Her poetry has been collected in Complete Poems of Frances E. Harper , ed. Frances Smith Foster. She married Fenton Harper in He brought to the marriage three children of his own, and together they had a daughter. When her husband died in , Harper continued to support her family though speaking engagements. Harper was also the director of the American Association of Colored Youth.
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Prose Home Harriet Blog. Visit Home Events Exhibitions Library. Newsletter Subscribe Give. Poetry Foundation. Back to Previous. Frances Ellen Watkins Harper, born to free black parents, was orphaned by the age of three, and was raised by an aunt and uncle. She studied Bible, literature, and public speaking at a school founded by her uncle, William Watkins Academy for Negro Youth.
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At 14, she needed to work, but could only find jobs in domestic service and as a seamstress. She published her first volume of poetry in Baltimore about , Forest Leaves or Autumn Leaves , but no copies are now known to exist. Watkins moved from Maryland, a slave state, to Ohio, a free state in , the year of the Fugitive Slave Act. A new law in prohibited any free black persons from re-entering Maryland. In , she moved to Pennsylvania for a teaching job in Little York. The next year she moved to Philadelphia.
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During these years, she became involved in the anti-slavery movement and with the Underground Railroad. Her Poems on Miscellaneous Subjects, published in with a preface by abolitionist William Lloyd Garrison, sold more than 10, copies and was reissued and reprinted several times. Fenton died in , and Frances returned to lecturing, financing the tour herself and taking her daughter with her.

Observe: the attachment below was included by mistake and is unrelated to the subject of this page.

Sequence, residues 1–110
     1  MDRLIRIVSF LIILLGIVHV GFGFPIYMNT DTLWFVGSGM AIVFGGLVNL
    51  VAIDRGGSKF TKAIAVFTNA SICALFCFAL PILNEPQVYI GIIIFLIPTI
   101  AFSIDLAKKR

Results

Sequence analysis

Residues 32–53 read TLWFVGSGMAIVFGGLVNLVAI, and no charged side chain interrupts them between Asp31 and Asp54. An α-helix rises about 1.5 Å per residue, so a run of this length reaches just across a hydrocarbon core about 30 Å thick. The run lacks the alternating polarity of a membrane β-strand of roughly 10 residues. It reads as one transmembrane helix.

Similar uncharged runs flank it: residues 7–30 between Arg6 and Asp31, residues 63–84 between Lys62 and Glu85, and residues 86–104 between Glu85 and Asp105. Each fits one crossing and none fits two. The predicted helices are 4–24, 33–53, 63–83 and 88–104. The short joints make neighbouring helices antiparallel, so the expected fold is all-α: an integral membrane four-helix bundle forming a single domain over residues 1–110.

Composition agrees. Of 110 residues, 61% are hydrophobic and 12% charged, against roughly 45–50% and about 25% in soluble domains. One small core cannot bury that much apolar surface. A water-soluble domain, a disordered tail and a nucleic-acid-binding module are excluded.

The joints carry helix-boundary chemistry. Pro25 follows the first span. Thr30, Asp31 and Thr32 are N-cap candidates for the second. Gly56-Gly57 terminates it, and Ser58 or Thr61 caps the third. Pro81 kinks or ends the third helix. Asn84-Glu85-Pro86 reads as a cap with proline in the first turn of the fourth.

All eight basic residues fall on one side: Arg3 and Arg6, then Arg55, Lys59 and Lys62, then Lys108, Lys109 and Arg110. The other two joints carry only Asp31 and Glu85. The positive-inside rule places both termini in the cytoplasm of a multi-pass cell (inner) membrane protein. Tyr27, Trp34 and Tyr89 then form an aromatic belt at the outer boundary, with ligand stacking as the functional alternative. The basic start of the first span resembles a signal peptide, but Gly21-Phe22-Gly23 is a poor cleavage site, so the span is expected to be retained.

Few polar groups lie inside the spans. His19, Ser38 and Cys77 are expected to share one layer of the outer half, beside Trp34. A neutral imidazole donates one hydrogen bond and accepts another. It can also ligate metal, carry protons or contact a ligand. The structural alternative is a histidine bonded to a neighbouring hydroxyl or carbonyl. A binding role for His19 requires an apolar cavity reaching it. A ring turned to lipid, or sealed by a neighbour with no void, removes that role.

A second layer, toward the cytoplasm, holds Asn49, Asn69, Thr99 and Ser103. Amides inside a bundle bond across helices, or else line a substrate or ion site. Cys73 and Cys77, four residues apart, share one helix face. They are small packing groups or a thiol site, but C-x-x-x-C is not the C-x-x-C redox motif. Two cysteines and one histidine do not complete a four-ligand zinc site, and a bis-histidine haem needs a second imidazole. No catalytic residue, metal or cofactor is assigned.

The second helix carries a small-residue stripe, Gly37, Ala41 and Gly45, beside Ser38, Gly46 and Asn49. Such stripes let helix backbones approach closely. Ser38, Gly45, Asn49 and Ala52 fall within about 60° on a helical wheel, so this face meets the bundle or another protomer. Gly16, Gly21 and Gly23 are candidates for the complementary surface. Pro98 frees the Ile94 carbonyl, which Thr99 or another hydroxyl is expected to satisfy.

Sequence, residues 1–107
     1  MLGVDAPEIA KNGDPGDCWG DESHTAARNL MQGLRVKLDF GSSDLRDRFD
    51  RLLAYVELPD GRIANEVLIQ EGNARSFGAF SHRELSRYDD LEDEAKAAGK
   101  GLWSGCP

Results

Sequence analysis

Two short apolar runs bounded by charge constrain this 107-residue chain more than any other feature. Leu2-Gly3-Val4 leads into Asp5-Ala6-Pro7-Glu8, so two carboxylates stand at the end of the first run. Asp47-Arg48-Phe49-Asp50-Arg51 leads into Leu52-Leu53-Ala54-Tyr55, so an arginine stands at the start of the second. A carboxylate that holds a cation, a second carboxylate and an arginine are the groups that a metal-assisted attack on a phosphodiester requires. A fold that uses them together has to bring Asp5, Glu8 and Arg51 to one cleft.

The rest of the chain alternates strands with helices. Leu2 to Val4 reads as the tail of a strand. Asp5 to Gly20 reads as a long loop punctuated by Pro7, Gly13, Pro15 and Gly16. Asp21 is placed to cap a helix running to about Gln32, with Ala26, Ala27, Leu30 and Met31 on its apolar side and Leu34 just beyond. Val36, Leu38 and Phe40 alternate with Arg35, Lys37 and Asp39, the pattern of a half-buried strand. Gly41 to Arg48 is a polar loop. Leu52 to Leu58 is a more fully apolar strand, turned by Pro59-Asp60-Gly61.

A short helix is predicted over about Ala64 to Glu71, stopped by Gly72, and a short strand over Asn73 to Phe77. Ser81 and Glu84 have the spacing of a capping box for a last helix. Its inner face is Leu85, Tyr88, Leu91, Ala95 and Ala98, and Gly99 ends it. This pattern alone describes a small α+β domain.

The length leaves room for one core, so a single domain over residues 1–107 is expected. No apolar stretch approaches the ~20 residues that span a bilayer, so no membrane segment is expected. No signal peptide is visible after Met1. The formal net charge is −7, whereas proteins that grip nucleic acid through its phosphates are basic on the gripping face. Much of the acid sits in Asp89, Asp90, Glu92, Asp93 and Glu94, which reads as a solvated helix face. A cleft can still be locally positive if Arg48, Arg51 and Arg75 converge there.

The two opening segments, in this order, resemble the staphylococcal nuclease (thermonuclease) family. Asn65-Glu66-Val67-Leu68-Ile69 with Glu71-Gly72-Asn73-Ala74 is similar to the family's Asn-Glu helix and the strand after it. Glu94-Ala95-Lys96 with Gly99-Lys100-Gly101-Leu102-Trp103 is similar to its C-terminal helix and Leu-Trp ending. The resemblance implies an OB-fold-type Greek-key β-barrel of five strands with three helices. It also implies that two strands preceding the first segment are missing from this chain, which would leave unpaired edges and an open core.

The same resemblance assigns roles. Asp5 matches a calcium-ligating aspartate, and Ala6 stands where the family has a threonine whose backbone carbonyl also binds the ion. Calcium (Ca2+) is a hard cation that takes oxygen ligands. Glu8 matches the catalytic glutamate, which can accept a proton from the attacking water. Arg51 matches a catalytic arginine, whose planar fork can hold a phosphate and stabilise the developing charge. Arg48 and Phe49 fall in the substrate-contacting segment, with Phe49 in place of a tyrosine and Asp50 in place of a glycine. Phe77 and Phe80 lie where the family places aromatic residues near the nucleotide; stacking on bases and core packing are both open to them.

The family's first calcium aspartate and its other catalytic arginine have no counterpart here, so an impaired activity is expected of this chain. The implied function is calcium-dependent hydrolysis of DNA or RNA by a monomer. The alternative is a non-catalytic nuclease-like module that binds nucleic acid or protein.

Frances Harper visited the South and saw the appalling conditions, especially of black women, of Reconstruction.
Frances Ellen Watkins Harper
She lectured on the need for equal rights for "the Colored Race" and also on rights for women. She joined the American Equal Rights Association and the American Women's Suffrage Association, working with the branch of the women's movement that worked for both racial and women's equality. In , a group of women gathered in connection with the World's Fair as the World's Congress of Representative Women. Harper joined with others including Fannie Barrier Williams to charge those organizing the gathering with excluding African American women.
Realizing the virtual exclusion of black women from the suffrage movement, Frances Ellen Watkins Harper joined with others to form the National Association of Colored Women. She became the first vice-president of the organization. Mary E. Harper never married, and worked with her mother as well as lecturing and teaching.
She died in McDowell, Beacon Press, , pp. Davis and J. Saun ders Redding, Houghton Mifflin, Montgomery, J. Harper , Sherman, Joan R. Hall, , pp. Still, William G. Williams, Kenny J.
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Because each style has its own formatting nuances that evolve over time and not all information is available for every reference entry or article, Encyclopedia. African American writer, lecturer, abolitionist, and women's rights activist Frances Ellen Watkins Harper was a notable voice in social reform in the nineteenth century.
She captivated black and white audiences alike with dramatic recitations of her antislavery and social reform verse. Dubbed the "Bronze Muse" in honor of her skills as both a writer and lecturer, Frances Ellen Watkins Harper is regarded as one of the most extraordinarily accomplished African American women of the nineteenth century. She was, for example, a respected poet whose ten volumes of verse sold well enough to provide her with a modest income.